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Our Favourite Reasons to Leave Work, On Time, With Your Head Held High

In the 21st century, lives are busy and we're all juggling our own priorities, but there are times when it's important to put work aside and leave, on time, with your head held high


Everyone has a busy schedule these days. Whether you're carting children to and from activities or trying to make it to their school play or a doctors appointment, we all have a lot of plates to juggle.

As parents, not only do our own priorities take precedence - so do those of our children. As a working mother or father, those late afternoon parent/teacher conferences or middle of the day recitals can play on our minds.

  • Should I be leaving work in order to fit in my parenting commitments?
  • How much is too much?
  • How can I prove that I am still doing my job?

Leaving the office to get to your child's parent/teacher conference isn't wrongParents that work flexibly

We know that flexible working is becoming more and more prominent and that work can be done from the school gates or at 8pm once the children are in bed, but parents still slink out of the office and apologise for making their work and family life work.

Feeling guilty when you have children

Gillian Nissam, from Working Mums, says:

"Parents can often feel slightly guilty about leaving the office on time to pick up children, especially if everyone else is still firmly tapping away at their computers - even if they got in early and have finished all their work."

"Partly, this is our perception of what others are thinking and they may not be thinking this at all. It is also due to a culture of presenteeism which has become more entrenched with the recession. This is something that affects all workers and it requires good management, which values productivity over hours spent at a desk to deal with it. If you've got your work done, you should feel no guilt at leaving on time."

As an employee, it's about finding out how you work as part of your team, it's about communicating and it's about not feeling the need to apologise all the time.

Combating the culture of presenteeism

Think about your own experiences, do you feel more comfortable when:

  1. Your colleague leaves making excuses?
  2. They state that they are leaving, highlight when they will be back and what will happen while they are gone?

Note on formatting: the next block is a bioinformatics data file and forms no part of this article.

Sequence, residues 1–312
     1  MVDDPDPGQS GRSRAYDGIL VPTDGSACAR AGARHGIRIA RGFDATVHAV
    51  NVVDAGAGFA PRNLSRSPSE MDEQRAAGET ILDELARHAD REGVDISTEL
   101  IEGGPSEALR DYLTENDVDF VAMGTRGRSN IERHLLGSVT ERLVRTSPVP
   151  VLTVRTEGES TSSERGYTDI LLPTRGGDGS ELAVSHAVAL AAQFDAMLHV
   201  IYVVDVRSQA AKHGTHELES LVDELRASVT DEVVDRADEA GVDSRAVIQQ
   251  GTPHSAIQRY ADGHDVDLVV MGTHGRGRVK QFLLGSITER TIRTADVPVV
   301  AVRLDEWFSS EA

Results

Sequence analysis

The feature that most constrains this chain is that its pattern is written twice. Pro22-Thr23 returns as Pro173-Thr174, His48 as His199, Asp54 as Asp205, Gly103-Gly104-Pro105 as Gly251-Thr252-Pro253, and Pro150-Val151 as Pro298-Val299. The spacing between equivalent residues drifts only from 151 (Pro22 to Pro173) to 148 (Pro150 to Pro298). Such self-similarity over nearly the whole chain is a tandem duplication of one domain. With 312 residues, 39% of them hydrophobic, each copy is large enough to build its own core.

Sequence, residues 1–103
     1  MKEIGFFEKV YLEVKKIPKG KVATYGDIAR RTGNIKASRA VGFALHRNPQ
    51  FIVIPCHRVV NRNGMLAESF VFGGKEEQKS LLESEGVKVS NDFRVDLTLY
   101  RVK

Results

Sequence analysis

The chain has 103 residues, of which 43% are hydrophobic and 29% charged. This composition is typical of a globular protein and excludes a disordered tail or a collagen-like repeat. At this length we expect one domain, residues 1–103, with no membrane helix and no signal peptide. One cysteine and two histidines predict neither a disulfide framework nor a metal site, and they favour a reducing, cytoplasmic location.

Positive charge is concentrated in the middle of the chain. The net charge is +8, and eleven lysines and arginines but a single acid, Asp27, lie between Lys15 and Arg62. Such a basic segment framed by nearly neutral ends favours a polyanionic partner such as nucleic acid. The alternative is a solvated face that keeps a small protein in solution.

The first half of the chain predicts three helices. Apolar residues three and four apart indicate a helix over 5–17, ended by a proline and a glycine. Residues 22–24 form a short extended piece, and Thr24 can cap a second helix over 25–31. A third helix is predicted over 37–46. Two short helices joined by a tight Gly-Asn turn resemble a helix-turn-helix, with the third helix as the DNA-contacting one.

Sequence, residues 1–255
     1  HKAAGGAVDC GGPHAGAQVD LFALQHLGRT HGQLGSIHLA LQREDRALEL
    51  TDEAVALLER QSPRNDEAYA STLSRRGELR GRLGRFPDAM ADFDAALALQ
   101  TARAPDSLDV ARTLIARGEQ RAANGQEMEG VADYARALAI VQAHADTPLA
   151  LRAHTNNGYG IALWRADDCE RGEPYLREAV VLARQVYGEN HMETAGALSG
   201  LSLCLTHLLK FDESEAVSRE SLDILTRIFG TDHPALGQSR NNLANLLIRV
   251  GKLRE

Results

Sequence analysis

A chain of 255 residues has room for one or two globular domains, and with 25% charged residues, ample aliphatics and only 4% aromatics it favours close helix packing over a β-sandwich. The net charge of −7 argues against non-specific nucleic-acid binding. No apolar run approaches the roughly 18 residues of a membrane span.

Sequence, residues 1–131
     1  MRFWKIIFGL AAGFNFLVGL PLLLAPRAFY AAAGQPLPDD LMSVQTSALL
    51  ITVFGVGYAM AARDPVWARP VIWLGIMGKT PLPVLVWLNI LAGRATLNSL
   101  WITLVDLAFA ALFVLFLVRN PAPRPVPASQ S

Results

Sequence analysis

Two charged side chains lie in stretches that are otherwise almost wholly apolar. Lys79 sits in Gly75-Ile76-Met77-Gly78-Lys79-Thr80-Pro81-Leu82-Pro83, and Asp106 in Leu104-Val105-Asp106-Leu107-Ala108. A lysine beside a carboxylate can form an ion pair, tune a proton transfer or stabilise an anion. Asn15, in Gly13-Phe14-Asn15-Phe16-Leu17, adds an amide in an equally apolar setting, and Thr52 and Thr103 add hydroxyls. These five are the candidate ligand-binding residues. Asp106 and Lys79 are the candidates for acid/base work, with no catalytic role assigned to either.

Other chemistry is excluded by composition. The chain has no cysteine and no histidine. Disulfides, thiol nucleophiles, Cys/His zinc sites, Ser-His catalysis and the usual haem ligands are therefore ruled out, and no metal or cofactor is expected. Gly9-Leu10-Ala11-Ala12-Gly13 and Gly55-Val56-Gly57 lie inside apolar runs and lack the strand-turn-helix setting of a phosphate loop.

For most people, option B is the winner.

Why should you ditch the guilt and hold your head up?

We asked Working Mums to give us their top reasons why you should leave work, on time, with your head held high.

Priorities change as a parent

Get adjusted to the new reality. It may be that your colleagues are fine with you leaving on time and that it is just your perception that they think you are not pulling your weight. If they are making comments, however, that is a different matter. It can be difficult to know how to deal with these. Humour is a good tool and one you can use to gently educate them about the demands of your new life. Good managers will help to address such issues if they are persistent.

Being present

Presenteeism is not an effective system of management. It doesn't produce the best out of employees. It treats them like children or worse, prison inmates, rather than grown-ups who can manage their own work schedule and know exactly what is needed to get their work done.

Who is working more effectively?: The parent who gets in at 8, keeps their head down and is out the door, with all their work done by 4pm, or the person who spends half the day going in and out of Facebook or making tea because they know they have to stay at the office till 7 or 8 just to make their manager think they are not slacking.

It's smart business

It makes business sense for employees not to get burnt out. Stress is a growing problem in the workplace and a cause of absenteeism. Continuously doing crazy hours leads to illness and affects productivity. It's not sustainable. Employers who recognise the benefits of supporting working parents and carers have reaped the rewards in terms of talent retention.

A balanced agenda

It's good for everyone that people have a balanced life and not one that is totally dominated by work. Having something else in your life has a positive effect on work. It gives you a different perspective and can spark new ideas which you wouldn't have if you spend your life stuck in a work tunnel all week and the weekend attempting some sort of half-recovery so you can do it all again the next week.

Face-to-face time

It seems a no-brainer, but it's good for society that children get to see their parents. Full time used to mean 9-5pm in any event. Nowadays it seems to mean all the time. In any event, technology now allows people to access work at all hours.

If an urgent situation arises, employees can log back in later and respond to emergencies. The benefits of mobile working are mutual - staff are not tied to their desks and businesses prosper by being able to cover for longer hours which can give them the edge in a global marketplace.

Society is changing

spending quality time with your children needs to balance with the time you spend at work

It is estimated that 80% of employees will at some point become parents and more and more women are staying in the workplace after having children. All employees have parents. People are living longer, but having more chronic health problems and will require ongoing care, particularly given the cuts in welfare provision. That will mean that work and life will become more merged in order for society to continue to function.

Employers who recognise the various pulls on their employees' time will have more engaged, committed staff who will be more willing to go the extra mile when necessary.

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